Visually guided homing in an understory-dwelling twig ant
Daniella C. Prince, Daniella C. Prince , Stephen P. Yanoviak
Department of Biology, University of Louisville, Louisville, KY, USA; Department of Biology, University of Louisville, Louisville, KY, USA ; Department of Biology, University of Louisville, Louisville, KY, USA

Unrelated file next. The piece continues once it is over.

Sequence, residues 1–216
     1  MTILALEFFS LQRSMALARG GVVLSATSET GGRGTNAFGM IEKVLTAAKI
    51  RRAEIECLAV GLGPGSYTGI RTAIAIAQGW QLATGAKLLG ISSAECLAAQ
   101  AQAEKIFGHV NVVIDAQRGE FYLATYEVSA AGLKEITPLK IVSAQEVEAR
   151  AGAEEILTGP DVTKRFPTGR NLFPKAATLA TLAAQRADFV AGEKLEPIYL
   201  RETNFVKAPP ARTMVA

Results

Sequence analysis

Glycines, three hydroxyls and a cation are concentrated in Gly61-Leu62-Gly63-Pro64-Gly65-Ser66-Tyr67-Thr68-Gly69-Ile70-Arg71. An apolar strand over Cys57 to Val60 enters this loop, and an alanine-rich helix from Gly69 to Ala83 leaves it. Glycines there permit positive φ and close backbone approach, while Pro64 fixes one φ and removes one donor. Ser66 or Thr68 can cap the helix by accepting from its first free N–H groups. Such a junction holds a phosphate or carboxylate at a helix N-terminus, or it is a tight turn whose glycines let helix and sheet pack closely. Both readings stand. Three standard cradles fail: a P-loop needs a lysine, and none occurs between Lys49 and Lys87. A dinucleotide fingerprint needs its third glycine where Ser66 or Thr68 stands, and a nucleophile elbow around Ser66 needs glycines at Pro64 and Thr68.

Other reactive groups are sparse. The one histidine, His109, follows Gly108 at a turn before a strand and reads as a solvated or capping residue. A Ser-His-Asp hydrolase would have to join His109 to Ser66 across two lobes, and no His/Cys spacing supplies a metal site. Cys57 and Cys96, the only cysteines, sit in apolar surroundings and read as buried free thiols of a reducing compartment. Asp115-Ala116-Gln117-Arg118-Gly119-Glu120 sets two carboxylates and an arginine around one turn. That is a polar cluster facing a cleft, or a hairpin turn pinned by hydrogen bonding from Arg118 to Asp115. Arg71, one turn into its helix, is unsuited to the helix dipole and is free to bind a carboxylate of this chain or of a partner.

Sensory systems are essential to resource acquisition, interacting with conspecifics, and avoiding danger. Ants have sophisticated chemical and tactile senses, but the visual apparatus of many species also is engaged in complex behaviors. Tropical rain forest ants experience extreme light regimes from the bright canopy to the dim understory, potentially affecting the utility of visually guided behavior over evolutionary time. We examined the role of visual cues in the homing behavior of Pseudomyrmex boopis, a diurnal, understory twig-nesting ant with a canopy-nesting ancestor. We collected P. boopis workers from ten nests on Barro Colorado Island, Panama throughout the wet season in 2017. We painted over workers’ compound eyes and ocelli (blinded), or only their ocelli (blinkered), and measured their success in returning to their nest after being displaced 35cm. Fewer than 1% of blinded workers successfully returned to their nest entrance, and 28% of blinded workers were predated upon by either Odontomachus bauri or Ectatomma ruidum. Control and blinkered workers did not differ in their success of returning to the nest, and the time taken to return to the nest was the same across treatments. This suggests that P. boopis do not use olfaction for short-range homing, and ocelli are not involved in navigation at this scale. Despite living in the dark understory, the activity and success of P. boopis workers is bound by visual information perceived by their compound eyes. Visual sensing is often overlooked in ants; here we show that vision supersedes other senses in fundamental behaviors of a common tropical species.